Styling has been sharpened, with a new-look lower grille that gives the Sportage a more aggressive look, as well as tweaks to the signature tiger-nose grille, rear bumper and tail-lights.

 

While the changes are positive, the Sportage still looks a little odd in our opinion, with bug-like headlights and bulbous proportions. Compared to the likes of the Mazda CX-5 and Honda CR-V, the Sportage may struggle with buyers who prioritise styling.

 

Interior changes are relatively minor, with casual fans possibly struggling to distinguish the old Sportage from the new. Variants from Si Premium up gain an 8.0-inch touchscreen infotainment system with satellite navigation, up from the 7.0-inch unit that proliferated the entire outgoing range.

 

The decision to largely leave the interior alone is understandable, as the Sportage’s cabin is already well laid out, ergonomic and easy to use. Dashboard buttons come with a large font that is easy to operate, and the infotainment screen, steering wheel-mounted buttons and instrument cluster display are simple to navigate.

 

Kia’s infotainment system isn’t quite as slick as the market leaders, but it still holds up well.

 

According to the brand, cabin space has increased with the update due to a wheelbase extension, and interior dimensions are comfortable, even for those above six feet tall. Noise, vibration and harshness (NVH) is also kept to a pleasantly low level.

 

Specification is also solid with feature such as dual-zone climate control, full-size spare tyre, rain-sensing wipers, Apple CarPlay and Android Auto compatibility, reversing camera automatic headlights and folding heated exterior mirrors standard across the range.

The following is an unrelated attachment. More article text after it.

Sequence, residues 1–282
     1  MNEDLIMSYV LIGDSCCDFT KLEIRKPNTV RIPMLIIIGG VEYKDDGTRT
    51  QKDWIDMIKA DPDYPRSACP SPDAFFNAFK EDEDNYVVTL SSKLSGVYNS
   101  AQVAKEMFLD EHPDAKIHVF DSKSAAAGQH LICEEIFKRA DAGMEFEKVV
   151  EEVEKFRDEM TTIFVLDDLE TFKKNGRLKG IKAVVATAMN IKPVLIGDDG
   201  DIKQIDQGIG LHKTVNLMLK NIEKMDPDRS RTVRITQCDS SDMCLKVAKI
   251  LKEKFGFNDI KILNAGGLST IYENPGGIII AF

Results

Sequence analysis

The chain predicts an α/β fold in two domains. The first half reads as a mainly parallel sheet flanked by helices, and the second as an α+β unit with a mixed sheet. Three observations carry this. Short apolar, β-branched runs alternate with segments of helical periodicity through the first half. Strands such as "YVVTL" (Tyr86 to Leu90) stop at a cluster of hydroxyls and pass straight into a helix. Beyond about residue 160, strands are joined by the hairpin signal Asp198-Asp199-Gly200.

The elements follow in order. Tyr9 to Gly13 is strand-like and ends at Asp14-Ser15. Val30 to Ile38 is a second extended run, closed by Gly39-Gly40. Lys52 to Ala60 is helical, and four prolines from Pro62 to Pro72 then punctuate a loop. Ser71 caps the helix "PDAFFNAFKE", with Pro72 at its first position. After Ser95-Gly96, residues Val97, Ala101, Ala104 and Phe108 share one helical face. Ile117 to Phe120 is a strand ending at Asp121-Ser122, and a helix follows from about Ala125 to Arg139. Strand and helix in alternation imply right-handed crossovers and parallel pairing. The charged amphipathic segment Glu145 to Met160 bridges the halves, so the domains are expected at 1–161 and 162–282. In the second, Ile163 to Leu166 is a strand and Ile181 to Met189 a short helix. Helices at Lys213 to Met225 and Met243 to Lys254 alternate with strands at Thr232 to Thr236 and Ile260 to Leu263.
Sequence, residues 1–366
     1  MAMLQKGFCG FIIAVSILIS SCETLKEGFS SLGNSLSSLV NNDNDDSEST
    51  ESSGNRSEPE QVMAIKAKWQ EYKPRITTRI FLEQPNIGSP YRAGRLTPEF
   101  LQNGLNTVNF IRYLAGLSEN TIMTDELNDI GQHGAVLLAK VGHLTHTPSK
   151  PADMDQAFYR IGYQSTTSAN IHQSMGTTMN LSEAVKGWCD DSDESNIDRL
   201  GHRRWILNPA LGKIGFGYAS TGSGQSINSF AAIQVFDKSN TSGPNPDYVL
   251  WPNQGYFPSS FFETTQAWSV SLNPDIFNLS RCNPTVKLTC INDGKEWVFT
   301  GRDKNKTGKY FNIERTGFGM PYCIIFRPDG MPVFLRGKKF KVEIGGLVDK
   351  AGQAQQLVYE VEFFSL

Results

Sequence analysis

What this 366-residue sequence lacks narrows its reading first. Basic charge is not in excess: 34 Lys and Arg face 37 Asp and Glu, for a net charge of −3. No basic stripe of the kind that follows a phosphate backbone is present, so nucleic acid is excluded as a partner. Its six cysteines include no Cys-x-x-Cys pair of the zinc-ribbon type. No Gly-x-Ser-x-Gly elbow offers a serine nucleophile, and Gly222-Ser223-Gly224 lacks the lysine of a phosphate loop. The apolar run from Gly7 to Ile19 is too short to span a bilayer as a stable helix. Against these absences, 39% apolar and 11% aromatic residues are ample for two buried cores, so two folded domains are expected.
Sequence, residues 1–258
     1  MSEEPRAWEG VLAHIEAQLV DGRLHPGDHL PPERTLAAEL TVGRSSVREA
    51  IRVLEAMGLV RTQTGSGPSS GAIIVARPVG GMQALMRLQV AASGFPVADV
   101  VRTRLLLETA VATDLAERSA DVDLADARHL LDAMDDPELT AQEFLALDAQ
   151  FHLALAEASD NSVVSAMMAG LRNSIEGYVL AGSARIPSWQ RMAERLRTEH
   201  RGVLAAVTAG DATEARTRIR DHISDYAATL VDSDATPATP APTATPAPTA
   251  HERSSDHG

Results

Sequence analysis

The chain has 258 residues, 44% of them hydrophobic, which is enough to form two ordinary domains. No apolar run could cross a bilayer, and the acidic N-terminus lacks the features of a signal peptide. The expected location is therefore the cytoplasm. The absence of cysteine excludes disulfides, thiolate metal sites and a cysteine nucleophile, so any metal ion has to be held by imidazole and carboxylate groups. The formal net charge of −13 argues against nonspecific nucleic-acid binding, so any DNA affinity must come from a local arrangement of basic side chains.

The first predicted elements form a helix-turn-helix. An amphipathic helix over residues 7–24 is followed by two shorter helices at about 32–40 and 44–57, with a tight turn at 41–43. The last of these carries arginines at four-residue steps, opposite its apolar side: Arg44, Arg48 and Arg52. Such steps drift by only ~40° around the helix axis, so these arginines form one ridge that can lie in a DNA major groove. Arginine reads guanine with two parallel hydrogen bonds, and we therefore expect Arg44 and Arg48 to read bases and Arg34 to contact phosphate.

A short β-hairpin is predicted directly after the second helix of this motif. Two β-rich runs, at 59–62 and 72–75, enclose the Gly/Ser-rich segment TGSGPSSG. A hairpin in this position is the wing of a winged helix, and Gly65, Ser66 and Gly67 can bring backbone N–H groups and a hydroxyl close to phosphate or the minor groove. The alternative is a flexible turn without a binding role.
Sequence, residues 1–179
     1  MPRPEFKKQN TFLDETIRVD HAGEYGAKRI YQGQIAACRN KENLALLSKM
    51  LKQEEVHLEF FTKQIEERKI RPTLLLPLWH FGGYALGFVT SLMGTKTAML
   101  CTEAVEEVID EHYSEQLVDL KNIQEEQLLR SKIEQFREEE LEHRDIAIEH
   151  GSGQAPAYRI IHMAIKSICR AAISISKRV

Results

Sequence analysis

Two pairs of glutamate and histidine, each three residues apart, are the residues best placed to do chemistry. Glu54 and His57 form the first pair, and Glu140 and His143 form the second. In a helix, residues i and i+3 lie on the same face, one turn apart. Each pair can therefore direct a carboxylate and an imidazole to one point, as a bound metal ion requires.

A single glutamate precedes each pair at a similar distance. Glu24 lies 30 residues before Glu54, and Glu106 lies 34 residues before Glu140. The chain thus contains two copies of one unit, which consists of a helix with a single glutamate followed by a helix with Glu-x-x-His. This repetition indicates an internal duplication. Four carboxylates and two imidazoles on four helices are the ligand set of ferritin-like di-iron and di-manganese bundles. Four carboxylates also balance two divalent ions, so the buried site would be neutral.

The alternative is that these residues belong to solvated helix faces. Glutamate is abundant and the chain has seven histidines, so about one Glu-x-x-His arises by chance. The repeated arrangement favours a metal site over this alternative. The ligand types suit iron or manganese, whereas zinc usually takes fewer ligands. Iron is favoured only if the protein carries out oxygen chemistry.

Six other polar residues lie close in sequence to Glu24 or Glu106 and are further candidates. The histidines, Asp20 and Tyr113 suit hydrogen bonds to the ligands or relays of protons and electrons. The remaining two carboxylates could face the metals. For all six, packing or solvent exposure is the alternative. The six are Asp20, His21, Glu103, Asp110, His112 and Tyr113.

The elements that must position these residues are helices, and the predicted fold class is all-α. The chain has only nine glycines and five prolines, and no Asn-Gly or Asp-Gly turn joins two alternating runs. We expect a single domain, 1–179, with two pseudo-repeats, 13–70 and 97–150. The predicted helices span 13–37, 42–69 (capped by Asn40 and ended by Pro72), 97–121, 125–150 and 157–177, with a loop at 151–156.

Already a strong offering, Kia has not reinvented the wheel and has rather refined an already compelling package.

The inclusion of AEB and other safety tech is savvy, as is the decision to refine the ride quality for harsh Australian roads.

 

Offering adaptive cruise control across the range would be a good idea, while either a turbocharged 1.6- or 2.0-litre engine from the Kia/Hyundai stable would go well in lieu of the 2.0-litre free-breathing petrol unit.

 

Whether the updates will be enough for 200 extra monthly sales remains to be seen, but the Sportage’s compelling package plus its industry-leading seven-year/unlimited kilometre warranty should see it on the shopping list of many potential buyers.